Member of the European Parliament’s Foreign Affairs Committee
Brussels March 16, 2011
By the 15th of March five days had passed from the adoption of the European Parliament’s resolution on Libya, four days from the extraordinary European Council, and three days from the meeting of the Arabian states. All three decisions proclaimed an end to the rule of Libyan dictator Gaddafi, supported the people who are trying to get free from his rule and all three insisted on stopping the bloodshed. But the bloodshed continues even now as Gaddafi’s mercenaries are using modern military equipment, especially airplanes and tanks in their advance against the opposition.
On March 15 I listened to Maciej Popowski, deputy to Catherine Ashton, explain the steps the EU is taking to help evacuate refugees, provide humanitarian assistance and to monitor the Libyan crisis. All this with a goal of achieving a „soft landing“ along with the creation of „added value“. At this moment, one sees the yawning gap between reality and the professed goals of the EU’s new common foreign policy.
In truth, one cannot blame Mr. Popowski. From the viewpoint of a high official he described the situation correctly when he stated that his superior, Baroness Ashton, cannot operate based upon her own understandings but has to take into consideration the wishes and differing opinions of the various EU Governments. „This is the reality which we have to face,“ he summed up the situation to the members of the European Parliament.
However, one cannot ignore the other reality – the continuation of mass killings of people in Libya. Even the Arab League asked for the enforcement of a „no fly zone" in Libyan airspace. In a crisis in which the United States, for understandable reasons, does not wish to be in the forefront, the EU has a unique opportunity to establish itself in its long self-proclaimed role as a world-level actor, supporting peace and democratic values. This is what the opposition in Libya is looking for. Last week the European Parliament recommended starting immediate cooperation with the interim national council in Benghazi.
The time factor makes the problem even more dramatic. Seeking a legally perfect justification for international intervention requires the agreement of all international parties. Attempting to achieve such a consensus takes up hundreds of hours, each of which is dripping with blood. Lithuanian MEP Vytautas Landsbergis did not hesitate to compare the Libyan uprising with the one in Warsaw in 1944 in which intervention was deliberately delayed. The comparison might be somewhat inappropriate, but the EU has already taken half a step in the direction of intervention by declaring Gaddafi unfit to rule. The vacuum needs to be filled. And this has to happen before the uprising is drowned in blood and bombed to bits.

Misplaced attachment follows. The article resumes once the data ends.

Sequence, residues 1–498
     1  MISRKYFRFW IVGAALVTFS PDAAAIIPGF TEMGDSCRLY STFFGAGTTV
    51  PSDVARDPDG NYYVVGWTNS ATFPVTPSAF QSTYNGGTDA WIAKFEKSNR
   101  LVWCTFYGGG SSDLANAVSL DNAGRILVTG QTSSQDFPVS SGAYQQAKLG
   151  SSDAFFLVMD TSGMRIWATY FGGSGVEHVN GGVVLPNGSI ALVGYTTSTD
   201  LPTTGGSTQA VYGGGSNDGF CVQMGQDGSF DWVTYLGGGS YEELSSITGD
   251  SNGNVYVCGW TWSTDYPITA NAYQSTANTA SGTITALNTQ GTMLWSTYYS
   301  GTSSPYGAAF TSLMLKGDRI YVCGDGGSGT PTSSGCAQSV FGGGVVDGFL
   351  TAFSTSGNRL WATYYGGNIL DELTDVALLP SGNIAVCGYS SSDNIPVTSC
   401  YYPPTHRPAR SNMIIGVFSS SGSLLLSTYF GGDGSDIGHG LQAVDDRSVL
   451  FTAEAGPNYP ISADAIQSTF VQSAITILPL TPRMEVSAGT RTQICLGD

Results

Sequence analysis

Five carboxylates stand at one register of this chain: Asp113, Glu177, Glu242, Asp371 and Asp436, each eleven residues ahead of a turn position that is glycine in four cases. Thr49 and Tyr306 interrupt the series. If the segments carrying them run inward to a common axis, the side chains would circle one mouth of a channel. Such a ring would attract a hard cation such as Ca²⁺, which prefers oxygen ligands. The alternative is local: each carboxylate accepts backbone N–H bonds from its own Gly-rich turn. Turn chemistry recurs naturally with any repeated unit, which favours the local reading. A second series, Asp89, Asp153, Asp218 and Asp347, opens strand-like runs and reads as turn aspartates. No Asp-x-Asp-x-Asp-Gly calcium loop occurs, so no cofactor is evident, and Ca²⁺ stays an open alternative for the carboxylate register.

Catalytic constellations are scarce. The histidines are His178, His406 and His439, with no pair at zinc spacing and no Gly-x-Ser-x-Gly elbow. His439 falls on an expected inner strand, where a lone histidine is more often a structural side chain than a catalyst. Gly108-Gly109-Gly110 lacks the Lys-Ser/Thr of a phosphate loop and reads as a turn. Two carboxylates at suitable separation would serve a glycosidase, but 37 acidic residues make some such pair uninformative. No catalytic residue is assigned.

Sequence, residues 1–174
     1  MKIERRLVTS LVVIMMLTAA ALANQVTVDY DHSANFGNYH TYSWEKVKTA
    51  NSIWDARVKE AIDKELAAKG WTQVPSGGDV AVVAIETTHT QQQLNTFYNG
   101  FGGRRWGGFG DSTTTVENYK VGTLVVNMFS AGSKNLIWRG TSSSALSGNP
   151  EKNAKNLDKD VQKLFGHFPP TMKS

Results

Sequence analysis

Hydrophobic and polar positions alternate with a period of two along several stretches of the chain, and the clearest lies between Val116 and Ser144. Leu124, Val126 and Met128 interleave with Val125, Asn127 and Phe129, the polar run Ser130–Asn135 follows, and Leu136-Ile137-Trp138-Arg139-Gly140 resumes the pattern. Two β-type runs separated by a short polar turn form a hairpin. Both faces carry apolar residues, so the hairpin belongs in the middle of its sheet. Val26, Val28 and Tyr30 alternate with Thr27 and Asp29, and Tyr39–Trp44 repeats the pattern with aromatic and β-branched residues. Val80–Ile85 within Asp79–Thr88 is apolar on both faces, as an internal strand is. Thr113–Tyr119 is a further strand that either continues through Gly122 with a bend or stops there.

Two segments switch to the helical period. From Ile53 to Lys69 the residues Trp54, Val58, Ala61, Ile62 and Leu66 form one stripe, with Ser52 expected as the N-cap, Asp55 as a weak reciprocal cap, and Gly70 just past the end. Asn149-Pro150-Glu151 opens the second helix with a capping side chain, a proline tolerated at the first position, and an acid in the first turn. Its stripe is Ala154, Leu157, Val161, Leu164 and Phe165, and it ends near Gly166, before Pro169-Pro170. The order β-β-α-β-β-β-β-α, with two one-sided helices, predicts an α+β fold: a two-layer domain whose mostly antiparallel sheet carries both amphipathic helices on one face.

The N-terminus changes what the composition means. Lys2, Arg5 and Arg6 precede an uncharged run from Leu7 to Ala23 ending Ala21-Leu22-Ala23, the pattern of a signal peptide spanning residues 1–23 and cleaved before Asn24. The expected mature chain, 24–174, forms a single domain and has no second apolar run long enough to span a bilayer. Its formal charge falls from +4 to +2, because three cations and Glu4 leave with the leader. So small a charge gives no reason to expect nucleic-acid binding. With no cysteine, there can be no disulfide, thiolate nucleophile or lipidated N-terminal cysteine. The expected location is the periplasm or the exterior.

The EU’s new foreign and security policy leaders are facing their greatest challenge. The traditional option is to use differences of opinion among the members to justify aiming for the lowest common denominator of agreement. This means making declarations and postponing actions. But what kind of impression will this kind of policy make on the hundreds of thousands of young arabs who have stood up for freedom and who are entitled to expect something more than good wishes from the European bulwark of democracy?
The other option is to exercise leadership, using this historic opportunity to promote European values, economic reforms and good governance along with stability in North Africa. After all, it is not necessary to export democracy – the demand for it has developed and grown locally there.
Finally we must realize that if the Libyan dictator, against all hopes, succeeds in crushing and liquidating the uprising, this will be a message to all authoritarian regimes in the world. A clear message that in the future, too, naked brutal force will prevail against citizens demanding reforms.
The generation of young Arabs has proven that they can deal with dictators on their own. The EU, however, has yet to prove that it takes its own core values seriously, just as the European Parliament’s resolution of March 10 mandates. States the resolution: "the EU's positive impact and long-term credibility in the region will depend on its ability to conduct a cohesive common foreign policy that is value-based and clearly sides with the new democratic forces". Only in this way can the EU create the added value of trust in a dramatically changing world.
Link to European Parliament Resolution:
Moment of Decision for the European Union’s Foreign Policy